ScoMo ‘dazzled by Trump’, will flip on climate

Scott Morrison will cave to international pressure and back a net-zero emissions target by 2050, his predecessor predicts.

Speaking to a business summit on Tuesday, Malcolm Turnbull accused the Prime Minister of parroting US President Donald Trump on climate policy.

He predicted Mr Trump’s election loss would prompt a rhetorical and policy pivot from the Morrison government, including a switch to a net-zero emissions target by 2050.

“I’m confident Morrison will move to that. He probably over-channelled Trump. He was clearly dazzled by Trump and went full-in with that in a number of areas,” Mr Turnbull said.

“All the talk about being against globalism and so forth was channelling ‘the Donald’, including on climate.”

Despite describing net zero by 2050 as achievable, Mr Morrison has so far resisted following major powers across Europe and Asia by backing a hard target.

He insists Australia is matching its commitments to the Paris Climate Accord

But US President-elect Joe Biden has committed to net zero by 2050 and has picked John Kerry to be his special climate envoy.

Mr Kerry, who Mr Turnbull described as a “real climate evangelist with huge global credibility”, will become the first American climate tsar to sit on the National Security Council.

“The reality on climate is all of our major trading partners have a net-zero target and the Biden administration will return to the climate fray with a real enthusiasm … so Australia has to get on board,” Mr Turnbull said.

Labor has also used Mr Biden’s win to reignite its call for the government to take the 2050 net-zero pledge.

The comments come after the Energy Minister demanded politicians be more transparent over their energy plans.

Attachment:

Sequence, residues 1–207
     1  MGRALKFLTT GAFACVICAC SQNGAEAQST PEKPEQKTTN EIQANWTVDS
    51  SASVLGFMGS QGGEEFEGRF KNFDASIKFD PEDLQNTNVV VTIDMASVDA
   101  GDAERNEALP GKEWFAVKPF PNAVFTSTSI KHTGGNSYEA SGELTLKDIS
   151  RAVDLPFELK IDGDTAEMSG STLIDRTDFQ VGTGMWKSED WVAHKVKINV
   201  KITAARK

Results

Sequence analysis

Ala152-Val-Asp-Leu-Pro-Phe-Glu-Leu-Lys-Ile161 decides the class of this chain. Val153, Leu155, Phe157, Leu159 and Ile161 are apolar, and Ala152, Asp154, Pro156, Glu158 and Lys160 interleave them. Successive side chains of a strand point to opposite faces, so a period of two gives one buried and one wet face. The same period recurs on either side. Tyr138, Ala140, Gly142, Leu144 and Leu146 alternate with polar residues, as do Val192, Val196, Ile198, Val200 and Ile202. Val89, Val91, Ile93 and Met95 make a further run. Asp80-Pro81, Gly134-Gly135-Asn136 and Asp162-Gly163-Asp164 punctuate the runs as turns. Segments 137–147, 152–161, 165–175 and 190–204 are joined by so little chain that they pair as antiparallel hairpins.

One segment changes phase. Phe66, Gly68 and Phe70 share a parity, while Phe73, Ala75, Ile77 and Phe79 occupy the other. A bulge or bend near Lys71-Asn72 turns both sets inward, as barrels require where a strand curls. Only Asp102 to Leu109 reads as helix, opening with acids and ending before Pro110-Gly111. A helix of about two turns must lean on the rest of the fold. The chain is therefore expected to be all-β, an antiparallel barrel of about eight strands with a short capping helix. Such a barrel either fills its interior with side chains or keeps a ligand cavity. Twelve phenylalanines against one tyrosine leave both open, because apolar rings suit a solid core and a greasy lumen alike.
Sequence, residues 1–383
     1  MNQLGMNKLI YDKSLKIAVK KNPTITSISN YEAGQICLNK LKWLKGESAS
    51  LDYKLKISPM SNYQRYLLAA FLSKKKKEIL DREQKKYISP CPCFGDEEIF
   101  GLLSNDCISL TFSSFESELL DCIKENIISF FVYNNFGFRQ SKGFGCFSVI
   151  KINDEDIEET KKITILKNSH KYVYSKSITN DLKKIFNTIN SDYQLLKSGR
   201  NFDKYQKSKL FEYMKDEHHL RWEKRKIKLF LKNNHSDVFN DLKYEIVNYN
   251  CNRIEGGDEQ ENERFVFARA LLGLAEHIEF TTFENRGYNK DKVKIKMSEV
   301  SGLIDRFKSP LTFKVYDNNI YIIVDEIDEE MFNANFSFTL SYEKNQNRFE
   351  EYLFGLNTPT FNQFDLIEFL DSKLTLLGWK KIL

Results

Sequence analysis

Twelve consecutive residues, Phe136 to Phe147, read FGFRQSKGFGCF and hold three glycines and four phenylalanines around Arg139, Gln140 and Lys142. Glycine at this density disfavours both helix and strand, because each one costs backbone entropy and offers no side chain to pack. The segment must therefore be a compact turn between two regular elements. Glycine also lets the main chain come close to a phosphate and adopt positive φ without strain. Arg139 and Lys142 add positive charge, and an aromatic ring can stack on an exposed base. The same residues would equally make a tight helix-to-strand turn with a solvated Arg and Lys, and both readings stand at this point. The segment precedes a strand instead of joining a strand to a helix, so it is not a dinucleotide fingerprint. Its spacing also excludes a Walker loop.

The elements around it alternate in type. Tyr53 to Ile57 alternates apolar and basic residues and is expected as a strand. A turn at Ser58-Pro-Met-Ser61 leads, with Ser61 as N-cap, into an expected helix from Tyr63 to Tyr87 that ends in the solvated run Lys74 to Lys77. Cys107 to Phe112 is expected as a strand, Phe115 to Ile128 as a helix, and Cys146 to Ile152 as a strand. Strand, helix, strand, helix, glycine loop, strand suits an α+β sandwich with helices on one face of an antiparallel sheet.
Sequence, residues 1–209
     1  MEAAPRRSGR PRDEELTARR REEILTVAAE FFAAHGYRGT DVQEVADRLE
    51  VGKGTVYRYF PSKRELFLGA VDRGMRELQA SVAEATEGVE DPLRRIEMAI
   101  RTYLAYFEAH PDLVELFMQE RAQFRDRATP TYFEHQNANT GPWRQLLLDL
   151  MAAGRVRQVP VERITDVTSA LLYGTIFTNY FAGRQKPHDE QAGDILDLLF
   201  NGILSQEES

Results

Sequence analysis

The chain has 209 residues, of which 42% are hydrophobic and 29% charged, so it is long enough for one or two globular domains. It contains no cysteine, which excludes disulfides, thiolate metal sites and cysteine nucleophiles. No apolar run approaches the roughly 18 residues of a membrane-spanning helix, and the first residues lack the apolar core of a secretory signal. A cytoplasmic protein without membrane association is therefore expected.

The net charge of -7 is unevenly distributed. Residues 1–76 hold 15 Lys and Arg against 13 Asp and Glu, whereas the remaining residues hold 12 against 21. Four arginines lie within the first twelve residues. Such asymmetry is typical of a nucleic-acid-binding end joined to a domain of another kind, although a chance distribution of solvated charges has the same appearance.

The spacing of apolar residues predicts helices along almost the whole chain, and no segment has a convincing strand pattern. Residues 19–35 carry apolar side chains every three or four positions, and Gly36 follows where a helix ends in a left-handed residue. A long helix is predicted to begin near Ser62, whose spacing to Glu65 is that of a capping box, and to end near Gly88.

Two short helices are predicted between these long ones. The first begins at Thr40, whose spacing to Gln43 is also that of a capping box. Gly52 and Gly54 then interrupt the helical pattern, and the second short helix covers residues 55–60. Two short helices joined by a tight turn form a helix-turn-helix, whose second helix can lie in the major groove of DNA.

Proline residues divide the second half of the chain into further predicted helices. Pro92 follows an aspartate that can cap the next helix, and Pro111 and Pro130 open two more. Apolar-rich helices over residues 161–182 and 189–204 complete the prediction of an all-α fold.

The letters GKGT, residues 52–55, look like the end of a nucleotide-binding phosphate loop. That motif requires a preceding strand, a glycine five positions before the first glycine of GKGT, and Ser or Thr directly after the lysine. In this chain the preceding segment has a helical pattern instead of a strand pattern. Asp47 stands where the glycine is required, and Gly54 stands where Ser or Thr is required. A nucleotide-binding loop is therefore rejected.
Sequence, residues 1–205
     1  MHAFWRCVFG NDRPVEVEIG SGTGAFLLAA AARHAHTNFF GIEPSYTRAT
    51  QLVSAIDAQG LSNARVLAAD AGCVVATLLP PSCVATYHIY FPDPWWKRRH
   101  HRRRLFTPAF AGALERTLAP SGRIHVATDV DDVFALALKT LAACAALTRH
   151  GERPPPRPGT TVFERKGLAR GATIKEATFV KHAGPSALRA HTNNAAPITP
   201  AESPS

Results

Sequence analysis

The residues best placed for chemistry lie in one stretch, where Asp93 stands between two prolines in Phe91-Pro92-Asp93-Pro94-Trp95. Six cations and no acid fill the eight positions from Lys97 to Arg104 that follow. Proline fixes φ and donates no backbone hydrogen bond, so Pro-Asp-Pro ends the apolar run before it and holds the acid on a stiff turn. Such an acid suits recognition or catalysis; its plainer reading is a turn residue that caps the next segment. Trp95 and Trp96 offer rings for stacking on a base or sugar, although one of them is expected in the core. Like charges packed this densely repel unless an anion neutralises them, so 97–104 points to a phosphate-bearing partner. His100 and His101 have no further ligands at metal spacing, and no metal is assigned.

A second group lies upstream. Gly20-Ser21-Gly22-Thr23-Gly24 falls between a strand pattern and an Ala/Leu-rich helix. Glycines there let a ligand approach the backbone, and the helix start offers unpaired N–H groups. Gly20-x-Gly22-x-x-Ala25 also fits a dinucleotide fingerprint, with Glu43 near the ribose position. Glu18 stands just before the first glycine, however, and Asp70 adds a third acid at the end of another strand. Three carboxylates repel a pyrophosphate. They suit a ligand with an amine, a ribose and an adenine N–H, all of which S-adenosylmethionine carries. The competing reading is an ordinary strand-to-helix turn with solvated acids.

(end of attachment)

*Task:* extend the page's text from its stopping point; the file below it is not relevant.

“If policy makers want to force out coal generators prematurely, they should say that upfront,” Angus Taylor told the Australian Financial Review Energy and Climate Summit.

“We need to avoid politics trumping policy with reactionary schemes that appease vested interests and ignore the interests of customers, those quiet Australians.”

Labor has also attempted to reset after a bruising month of internal division over energy policy.

Joel Fitzgibbon resigned from the shadow frontbench, arguing the party had lost touch with its blue collar workers, and could not win with its current climate policy.

He called for Labor climate spokesman Mark Butler to lose his portfolio.

In a speech to the Developing Northern Australia Conference in Rockhampton, powerbroker Murray Watt attempted to break the deadlock on coal, saying Labor “treasured” every mining job.

Mr Watt said supporting mining and encouraging the development of renewable energies were not mutually exclusive.

He told Sky News industries “that we have relied on for decades still have a positive future”.

“People are sick of the culture war that exists between the left and the right of politics, which says that you can only have the old industries or only have the new,” he said.

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